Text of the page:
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Governance and System Management Track 2 Sheila A. Pires Human Service Collaborative [email protected] Rob Abrams Multnomah County, Oregon [email protected] Carol Hardesty Westchester County, New York [email protected] Matt Wojack

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Governance and System Management

Track 2

Sheila A. Pires

Human Service Collaborative

[email protected]

Rob Abrams

Multnomah County, Oregon

[email protected]

Carol Hardesty

Westchester County, New York

[email protected]

Matt Wojack

Ingham County, Michigan

[email protected]

Example: Evolving Governance Structure

Policy Level Local Governing Board Agency Directors

Family Advocacy

Organizational Representative

Illustration 1.2A

Operational Level

DMH Director

“Bring the Children Home”

SOC Supervisor and Staff

Families Served

Other Agency Workers

“Bring the Children Home”

Case Managers


Illustration 1.2B


Agency Directors

Family/Youth Reps.

DMH Director

Local Governing Board

Providers Forum

SOC Team Leader

“Bring the Children Home”

Interagency Care Management Team

Families/Youth Served

Other Agency Workers

“Bring the Children Home”

Care Managers


Pires, S. (1996). Evolving governance structure. Washington, DC: Human Service Collaborative.

Example of Governance/Management Structure

State Interagency Body

State Funding Pool



Local Allocation

County Alliance


Case Rate for each enrolled child

  • Care Management Entity – Lead Non Profit

  • Organize and manage provider network

  • Staff and manage child and family team process

  • Intensive care management

  • Utilization management

  • Quality assurance

  • Outcomes management /monitoring

  • Management Information System (tracks children, services, dollars)




Natural Supports

Natural Supports


Pires, S. (1996). Contracted system management structure. Washington, DC: Human Service Collaborative.

New Jersey - Contracted Management Structure














Screening with Uniform Protocols

  • Contracted

  • Systems

  • Administrator CSA

    • Registration

    • Screening for self-referrals

    • Tracking

    • Assessment of level of care needed

    • Care coordination

    • Authorization of services

  • Care Management

  • Organization

  • Complex multi-system

  • involved children

  • Individualized plan developed

  • Full plan of care

  • authorized

  • Community

  • Agencies

  • Uncomplicated care

  • Service authorized

  • Service delivered

Adapted from NJ System of Care

Family Support Organization

Family to Family Support

Youth Support Organizations


Wraparound Milwaukee - Lead Public Agency Management Structure

  • Mental Health

  • Crisis Billing

  • Block Grant

  • HMO Commercial

  • Insurance

Child Welfare

Funds thru Case Rate

(Budget for Institutional

Care for CHIPS Children)

Juvenile Justice

(Funds Budgeted for

Residential Treatment for

Delinquent Youth)

Medicaid Capitation

(1557 per Month

per Enrollee





Management Entity:

Wraparound Milwaukee

Management Service Organization (MSO)


Family Organization


Per Participant Case Rate



240 Providers

85 Services



Child and Family Teams

Plans of Care

Mgt. Entity: Co. BH Div.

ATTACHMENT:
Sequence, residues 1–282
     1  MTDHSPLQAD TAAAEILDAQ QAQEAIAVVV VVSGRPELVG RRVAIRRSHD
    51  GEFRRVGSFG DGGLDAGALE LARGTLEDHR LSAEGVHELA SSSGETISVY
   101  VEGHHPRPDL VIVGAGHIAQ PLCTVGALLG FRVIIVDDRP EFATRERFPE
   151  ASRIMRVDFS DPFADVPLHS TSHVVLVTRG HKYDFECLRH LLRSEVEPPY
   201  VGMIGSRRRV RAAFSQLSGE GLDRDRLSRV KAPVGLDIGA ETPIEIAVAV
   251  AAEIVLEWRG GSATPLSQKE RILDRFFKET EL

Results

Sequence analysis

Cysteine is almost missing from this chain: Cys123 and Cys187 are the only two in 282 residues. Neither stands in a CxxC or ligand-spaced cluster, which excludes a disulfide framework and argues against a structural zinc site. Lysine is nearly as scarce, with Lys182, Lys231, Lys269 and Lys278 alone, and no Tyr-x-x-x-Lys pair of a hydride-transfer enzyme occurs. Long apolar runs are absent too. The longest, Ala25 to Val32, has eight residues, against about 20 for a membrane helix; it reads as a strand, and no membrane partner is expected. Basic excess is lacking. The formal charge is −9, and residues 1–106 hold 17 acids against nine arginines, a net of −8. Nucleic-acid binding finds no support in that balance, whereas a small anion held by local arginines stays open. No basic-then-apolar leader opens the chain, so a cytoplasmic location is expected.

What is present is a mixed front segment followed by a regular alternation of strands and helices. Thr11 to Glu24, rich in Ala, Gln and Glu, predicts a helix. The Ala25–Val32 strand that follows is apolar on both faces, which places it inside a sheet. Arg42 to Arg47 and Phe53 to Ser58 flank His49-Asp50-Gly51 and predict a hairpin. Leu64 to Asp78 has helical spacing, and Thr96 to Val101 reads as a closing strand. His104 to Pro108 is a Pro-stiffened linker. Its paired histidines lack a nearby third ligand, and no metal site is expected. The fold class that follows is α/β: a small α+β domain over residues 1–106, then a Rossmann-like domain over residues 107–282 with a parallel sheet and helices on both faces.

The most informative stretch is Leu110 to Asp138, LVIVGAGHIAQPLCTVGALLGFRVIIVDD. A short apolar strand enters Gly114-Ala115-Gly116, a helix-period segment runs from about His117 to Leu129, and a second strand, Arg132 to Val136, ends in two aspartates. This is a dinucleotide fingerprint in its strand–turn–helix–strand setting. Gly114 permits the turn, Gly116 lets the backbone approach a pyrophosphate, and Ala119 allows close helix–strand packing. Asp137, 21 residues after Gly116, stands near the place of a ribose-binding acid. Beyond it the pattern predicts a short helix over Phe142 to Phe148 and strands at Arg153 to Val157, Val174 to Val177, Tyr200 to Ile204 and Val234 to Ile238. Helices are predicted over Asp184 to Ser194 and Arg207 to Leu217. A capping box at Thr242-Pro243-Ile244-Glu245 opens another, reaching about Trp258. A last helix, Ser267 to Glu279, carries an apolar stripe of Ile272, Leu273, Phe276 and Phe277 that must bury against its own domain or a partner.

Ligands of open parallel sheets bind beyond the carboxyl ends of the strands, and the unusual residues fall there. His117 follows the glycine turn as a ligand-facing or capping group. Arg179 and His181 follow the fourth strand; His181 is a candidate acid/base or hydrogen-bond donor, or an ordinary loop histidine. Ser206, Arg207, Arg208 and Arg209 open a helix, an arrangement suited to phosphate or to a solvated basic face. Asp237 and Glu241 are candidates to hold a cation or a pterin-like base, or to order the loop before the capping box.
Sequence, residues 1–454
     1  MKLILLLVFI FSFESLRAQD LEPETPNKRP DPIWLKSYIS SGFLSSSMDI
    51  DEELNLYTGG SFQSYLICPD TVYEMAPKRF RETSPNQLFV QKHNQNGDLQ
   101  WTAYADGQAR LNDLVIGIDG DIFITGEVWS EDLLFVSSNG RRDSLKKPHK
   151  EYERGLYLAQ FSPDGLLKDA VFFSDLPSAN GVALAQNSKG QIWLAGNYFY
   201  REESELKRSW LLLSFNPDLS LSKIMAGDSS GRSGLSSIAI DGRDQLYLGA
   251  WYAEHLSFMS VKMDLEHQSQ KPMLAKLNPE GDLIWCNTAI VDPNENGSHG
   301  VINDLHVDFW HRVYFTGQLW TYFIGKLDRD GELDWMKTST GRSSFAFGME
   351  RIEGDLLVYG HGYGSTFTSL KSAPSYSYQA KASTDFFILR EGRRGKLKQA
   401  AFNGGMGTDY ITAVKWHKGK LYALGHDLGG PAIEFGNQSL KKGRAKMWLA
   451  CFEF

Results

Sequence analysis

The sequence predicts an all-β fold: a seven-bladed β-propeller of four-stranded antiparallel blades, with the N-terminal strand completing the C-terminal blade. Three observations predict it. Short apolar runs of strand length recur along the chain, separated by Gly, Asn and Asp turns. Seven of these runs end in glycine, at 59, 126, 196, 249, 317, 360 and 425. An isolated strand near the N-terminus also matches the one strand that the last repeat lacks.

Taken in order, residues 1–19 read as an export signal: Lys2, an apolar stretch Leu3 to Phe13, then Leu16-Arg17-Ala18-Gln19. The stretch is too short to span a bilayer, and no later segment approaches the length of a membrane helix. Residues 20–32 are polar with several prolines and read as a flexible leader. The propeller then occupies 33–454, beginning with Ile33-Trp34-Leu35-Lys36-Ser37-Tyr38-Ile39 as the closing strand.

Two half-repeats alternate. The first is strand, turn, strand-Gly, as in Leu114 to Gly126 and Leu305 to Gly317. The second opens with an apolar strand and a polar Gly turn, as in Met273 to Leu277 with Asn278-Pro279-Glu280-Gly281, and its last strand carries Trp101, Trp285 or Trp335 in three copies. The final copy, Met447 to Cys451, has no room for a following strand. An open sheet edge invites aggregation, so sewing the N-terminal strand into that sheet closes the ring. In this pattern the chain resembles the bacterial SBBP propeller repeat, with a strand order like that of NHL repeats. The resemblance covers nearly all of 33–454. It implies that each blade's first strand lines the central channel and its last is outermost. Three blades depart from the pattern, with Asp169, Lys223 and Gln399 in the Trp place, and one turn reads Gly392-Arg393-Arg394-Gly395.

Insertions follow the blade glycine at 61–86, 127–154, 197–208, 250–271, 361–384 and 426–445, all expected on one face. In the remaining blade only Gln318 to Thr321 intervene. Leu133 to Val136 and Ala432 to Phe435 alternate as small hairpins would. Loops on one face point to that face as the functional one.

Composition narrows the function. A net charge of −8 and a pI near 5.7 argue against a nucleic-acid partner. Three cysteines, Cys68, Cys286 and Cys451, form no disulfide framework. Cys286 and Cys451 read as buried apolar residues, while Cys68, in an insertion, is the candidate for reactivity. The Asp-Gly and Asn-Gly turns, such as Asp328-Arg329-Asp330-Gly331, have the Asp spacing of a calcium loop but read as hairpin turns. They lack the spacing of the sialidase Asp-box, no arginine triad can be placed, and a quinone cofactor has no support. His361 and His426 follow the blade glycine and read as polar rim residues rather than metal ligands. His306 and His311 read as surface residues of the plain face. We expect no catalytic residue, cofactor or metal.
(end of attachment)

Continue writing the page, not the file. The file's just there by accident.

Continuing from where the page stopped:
Wraparound Milwaukee. (2002). What are the pooled funds? Milwaukee, WI: Milwaukee County Mental Health Division, Child and Adolescent Services Branch

Cuyahoga County OH - In-House Management Structure Structure

System of Care Oversight Committee

Deputy County Administrator for Human Services

Systemof Care Office*


Lead Family



Lead Youth


Subsets of Children & Families –

Focus of Care Coordination Partnerships

Children in or at risk for residential placement

Children with serious behavioral health challenges

Youth with status offenses

0-3 population Early Intervention engagement challenges

*Functions as an

Administrative Services



Pires, S. (2006). Primer Hands On – Child Welfare. Washington, D.C.: Human Service Collaborative.

Care Management Entities: Structure

Locus of management accountability for children

with complex, multi-system involvement

Regional Care

Management Entities








  • Ensure child & family team plan of care**

  • Ensure intensive care coordination

  • Manage utilization at service

  • level

  • **Plans of Care (w/priority on

  • community-based/natural

  • supports) determine medical

  • necessity, except inpatient, residential/group, which require prior authorization




Use Same Decision Support Tool –

CANS – to determine need for CME



Pires, S. 2008. Washington, D.C.: Human Service Collaborative

Maryland System of Care Initiative Structure

Children’s Cabinet




Medicaid PRTF,

DHR group home,

DJS detention $$$

University of Maryland

Innovations Institute




Maryland Coalition of

Families for Child MH

Regional Care Management


1915 c


  • Child and family team

  • Intensive care management

  • Utilization management

  • Develop broad provider network

  • Monitor outcomes

  • Link families and youth to peer support

Contracted private non profit agencies;

Get about $1200 per child per month

for care management and UM only,

not services

Delaware System of Care Structure

Children with more

intensive needs &

non-Medicaid children

Dept. of Health and Soc. Svcs.

Division of Medicaid and Medical Ass’t.

1115 waiver

Dept. of Services for Children, Youth

and Their Families

Division of Child Mental Health Services


In-house training

and EBP development

OP benefit

equivalent to

30 OP visits

Contracted Provider Agencies

Clinical Services Management Teams

Public entities

Children with less

intensive needs

Department gets bundled rate from Medicaid of about

$4300 per child per month

Governance and system management

Governance and System Management Structure

Rob Abrams

Wraparound Oregon: Early Childhood

CMHI Structure New Community Training

Wraparound Oregon: Early Childhood

Our Planning Year

  • Key Elements of Structure -

  • Building Collaboration & Governance:

  • We started with relationships and allowed that to build the structure